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The Black Panther Is from Oakland

A Bay Area–centric reading of the wokest superhero movie ever.

 

OK, so we admit that T’Challa, the African prince turned superhero at the heart of Marvel’s latest comic book blockbuster, Black Panther (opening Feb. 16), technically hails from a fictional, techno-futurist utopian African nation called Wakanda. But in Richmond-raised director Ryan Coogler’s adaptation—the first in the Marvel universe to include a black star, a black director, and a majority-black cast—it’s clear that he’s hella Bay.

1. He Goes to Saint Mary's
Just like Coogler, the Black Panther is a Panther. A Saint Mary’s Panther. Coogler was a football star at the Berkeley prep school before eventually earning acclaim with Fruitvale Station and Creed. In Black Panther, a young T’Challa (played by Chadwick Boseman) is shown during a flashback attending the director’s alma mater.

2. He Rides AC Transit
The East Bay Times reported last year that AC Transit had licensed its mid-1990s green-and-orange logo to Marvel for use in the film, some of which takes place in Oakland. Set designers apparently attached the logo to a bus in Atlanta, where the majority of the film was shot.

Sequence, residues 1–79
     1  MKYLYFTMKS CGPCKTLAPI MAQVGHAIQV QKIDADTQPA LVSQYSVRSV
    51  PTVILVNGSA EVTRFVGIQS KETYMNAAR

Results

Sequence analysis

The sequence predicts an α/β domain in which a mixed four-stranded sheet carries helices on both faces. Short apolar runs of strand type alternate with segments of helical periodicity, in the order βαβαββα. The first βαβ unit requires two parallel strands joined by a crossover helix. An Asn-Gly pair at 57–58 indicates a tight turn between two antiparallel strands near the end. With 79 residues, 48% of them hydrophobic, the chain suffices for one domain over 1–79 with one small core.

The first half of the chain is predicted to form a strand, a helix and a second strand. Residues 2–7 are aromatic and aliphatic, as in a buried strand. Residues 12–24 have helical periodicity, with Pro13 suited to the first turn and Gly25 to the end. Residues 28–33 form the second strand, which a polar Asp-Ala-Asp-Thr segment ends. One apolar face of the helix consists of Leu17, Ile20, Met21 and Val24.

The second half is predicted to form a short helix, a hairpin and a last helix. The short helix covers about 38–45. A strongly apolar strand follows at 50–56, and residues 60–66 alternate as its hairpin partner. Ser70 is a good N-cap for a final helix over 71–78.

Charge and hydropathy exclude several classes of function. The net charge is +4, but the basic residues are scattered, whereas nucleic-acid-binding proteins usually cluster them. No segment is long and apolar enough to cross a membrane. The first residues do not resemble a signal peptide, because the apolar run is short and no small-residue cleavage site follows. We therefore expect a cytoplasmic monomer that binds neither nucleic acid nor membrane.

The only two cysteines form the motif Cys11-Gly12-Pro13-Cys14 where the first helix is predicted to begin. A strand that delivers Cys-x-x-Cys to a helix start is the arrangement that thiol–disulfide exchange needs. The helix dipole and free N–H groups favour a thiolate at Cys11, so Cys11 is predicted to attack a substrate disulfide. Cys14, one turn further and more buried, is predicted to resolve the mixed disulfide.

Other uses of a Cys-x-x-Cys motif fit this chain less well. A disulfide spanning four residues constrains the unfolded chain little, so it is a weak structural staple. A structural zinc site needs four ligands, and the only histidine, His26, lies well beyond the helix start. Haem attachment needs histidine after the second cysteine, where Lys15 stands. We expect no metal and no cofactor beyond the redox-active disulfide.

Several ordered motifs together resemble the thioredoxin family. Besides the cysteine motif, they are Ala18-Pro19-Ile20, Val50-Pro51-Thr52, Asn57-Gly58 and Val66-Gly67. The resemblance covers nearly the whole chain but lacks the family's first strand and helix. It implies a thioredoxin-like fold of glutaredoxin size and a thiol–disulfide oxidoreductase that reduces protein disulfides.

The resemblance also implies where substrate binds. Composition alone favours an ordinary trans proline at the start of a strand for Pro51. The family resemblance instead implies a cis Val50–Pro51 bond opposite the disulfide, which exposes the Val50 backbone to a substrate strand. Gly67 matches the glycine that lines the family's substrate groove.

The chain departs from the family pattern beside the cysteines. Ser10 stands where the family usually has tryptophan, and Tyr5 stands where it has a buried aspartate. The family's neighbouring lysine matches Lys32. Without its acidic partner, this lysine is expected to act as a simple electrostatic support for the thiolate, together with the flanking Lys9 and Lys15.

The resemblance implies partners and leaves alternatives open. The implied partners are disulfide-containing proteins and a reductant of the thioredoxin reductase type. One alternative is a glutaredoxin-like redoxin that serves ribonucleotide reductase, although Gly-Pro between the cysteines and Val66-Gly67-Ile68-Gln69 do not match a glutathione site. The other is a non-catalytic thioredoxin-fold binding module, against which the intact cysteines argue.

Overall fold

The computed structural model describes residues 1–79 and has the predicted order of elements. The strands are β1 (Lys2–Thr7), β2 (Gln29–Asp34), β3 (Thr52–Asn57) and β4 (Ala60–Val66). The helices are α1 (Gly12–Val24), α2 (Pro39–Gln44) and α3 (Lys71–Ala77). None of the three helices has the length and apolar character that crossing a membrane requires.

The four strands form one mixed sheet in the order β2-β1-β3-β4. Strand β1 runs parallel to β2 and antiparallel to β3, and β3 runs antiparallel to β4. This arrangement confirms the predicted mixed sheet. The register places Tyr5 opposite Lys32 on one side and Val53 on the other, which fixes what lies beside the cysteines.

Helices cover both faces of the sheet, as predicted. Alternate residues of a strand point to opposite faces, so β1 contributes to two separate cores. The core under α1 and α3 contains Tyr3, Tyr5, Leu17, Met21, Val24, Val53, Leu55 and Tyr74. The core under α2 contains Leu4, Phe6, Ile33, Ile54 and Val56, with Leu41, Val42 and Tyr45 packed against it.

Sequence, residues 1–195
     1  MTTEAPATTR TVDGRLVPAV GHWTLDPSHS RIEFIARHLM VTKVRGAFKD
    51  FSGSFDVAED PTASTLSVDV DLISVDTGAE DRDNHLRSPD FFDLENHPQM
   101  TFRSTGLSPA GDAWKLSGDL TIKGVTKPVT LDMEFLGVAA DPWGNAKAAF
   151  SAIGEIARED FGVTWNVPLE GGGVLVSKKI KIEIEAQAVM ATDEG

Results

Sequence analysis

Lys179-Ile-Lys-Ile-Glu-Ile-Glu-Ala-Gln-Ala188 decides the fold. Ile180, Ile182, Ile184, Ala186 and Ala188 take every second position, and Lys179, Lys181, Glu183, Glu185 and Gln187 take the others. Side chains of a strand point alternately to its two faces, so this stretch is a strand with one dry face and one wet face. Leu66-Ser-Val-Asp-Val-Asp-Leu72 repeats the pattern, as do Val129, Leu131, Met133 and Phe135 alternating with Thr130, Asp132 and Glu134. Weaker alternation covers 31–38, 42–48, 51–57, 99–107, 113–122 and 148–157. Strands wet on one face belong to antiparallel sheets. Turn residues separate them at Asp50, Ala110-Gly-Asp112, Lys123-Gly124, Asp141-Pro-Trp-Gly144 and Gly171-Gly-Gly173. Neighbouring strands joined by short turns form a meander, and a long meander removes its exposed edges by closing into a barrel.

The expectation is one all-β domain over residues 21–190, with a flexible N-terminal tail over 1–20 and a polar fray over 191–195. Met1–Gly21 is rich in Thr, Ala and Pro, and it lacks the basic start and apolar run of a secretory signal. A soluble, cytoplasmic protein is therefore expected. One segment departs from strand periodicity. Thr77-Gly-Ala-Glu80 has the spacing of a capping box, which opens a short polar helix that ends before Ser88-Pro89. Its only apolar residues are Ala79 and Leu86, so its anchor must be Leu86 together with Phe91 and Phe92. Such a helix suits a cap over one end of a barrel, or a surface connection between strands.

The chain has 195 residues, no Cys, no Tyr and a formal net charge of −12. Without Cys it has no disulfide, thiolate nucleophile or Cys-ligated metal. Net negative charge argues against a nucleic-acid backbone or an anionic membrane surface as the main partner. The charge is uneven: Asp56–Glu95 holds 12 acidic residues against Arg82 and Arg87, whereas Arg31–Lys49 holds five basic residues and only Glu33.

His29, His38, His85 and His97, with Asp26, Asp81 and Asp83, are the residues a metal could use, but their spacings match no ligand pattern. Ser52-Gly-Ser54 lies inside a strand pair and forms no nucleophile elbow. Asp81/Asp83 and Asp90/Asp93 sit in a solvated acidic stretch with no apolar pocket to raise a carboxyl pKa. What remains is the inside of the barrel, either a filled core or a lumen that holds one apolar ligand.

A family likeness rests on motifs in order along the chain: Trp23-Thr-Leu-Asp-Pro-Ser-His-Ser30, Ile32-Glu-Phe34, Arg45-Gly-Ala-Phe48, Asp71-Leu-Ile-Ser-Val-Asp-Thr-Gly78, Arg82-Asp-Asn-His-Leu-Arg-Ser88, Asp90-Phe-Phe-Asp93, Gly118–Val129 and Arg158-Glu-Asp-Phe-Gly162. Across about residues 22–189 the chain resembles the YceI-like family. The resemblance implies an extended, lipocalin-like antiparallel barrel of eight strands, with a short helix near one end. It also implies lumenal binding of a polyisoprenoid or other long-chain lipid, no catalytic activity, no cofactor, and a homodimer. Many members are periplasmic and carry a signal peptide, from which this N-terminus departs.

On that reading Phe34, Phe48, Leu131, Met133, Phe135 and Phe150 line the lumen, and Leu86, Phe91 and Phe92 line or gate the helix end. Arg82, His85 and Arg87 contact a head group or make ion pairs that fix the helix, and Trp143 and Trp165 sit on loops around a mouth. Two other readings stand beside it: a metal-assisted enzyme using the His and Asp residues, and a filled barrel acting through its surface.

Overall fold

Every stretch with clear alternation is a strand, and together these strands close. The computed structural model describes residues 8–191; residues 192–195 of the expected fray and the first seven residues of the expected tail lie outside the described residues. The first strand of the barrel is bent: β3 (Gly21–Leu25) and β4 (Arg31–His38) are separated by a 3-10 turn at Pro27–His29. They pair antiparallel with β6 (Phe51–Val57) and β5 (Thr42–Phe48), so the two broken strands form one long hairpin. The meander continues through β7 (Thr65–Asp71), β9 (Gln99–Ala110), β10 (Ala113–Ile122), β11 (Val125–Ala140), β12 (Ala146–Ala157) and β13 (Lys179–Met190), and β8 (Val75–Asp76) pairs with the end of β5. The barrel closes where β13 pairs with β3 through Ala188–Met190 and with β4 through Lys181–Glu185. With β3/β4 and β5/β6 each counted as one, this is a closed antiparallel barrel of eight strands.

Ryan Coogler (left) and Chadwick Boseman on set during the filming of Black Panther.

3. It All Started at Dr. Comics
Coogler admits he was a comic book fan growing up in Oakland and Richmond; he told Entertainment Weekly that he haunted Dr. Comics & Mr. Games in North Oakland as a kid. The day he landed the job of directing Black Panther, he and his wife returned to the Piedmont Avenue shop. “We went in and I bought the two Black Panther comic books I could find,” he said.

4. He Listens to KMEL
Coogler’s previous films have included healthy doses of Bay Area hip-hop in their soundtracks, including cuts from Richmond rapper White Dave—aka Noah Coogler, the director’s younger brother. Perhaps White Dave’s biggest hit to date has been “Bands,” which was included in the NBA 2K17 video game; the song’s music video also features Black Panther villain and frequent Coogler collaborator Michael B. Jordan.

5. His Pals Rep Berkeley Rep
Many of the film’s stars are either African American or of African descent—a major breakthrough for a big-budget Hollywood superhero movie. Apart from that, San Francisco–born actress Francesca Faridany has a small role. Faridany is a regular at Berkeley Rep, having appeared in Much Ado About Nothing (2001), The Oresteia (2001), and her adaptation of Fräulein Else (2003), among others.

6. All The Superheroes Are Here
It seems half the Marvel universe is paying our sky-high rents these days: Iron Man recently relocated to San Francisco to build his new app, while Ant-Man, Hank Pym, and Hope van Dyne all call the city home in the upcoming film Ant-Man and the Wasp (due out July 6). A few years ago, Daredevil decamped to the Bay, where the X-Men frequently do their thing. And later this fall, the Spider-Man spin-off Venom hits theaters, based on the San Francisco–set comic books.

  

Originally published in the February issue of San Francisco 

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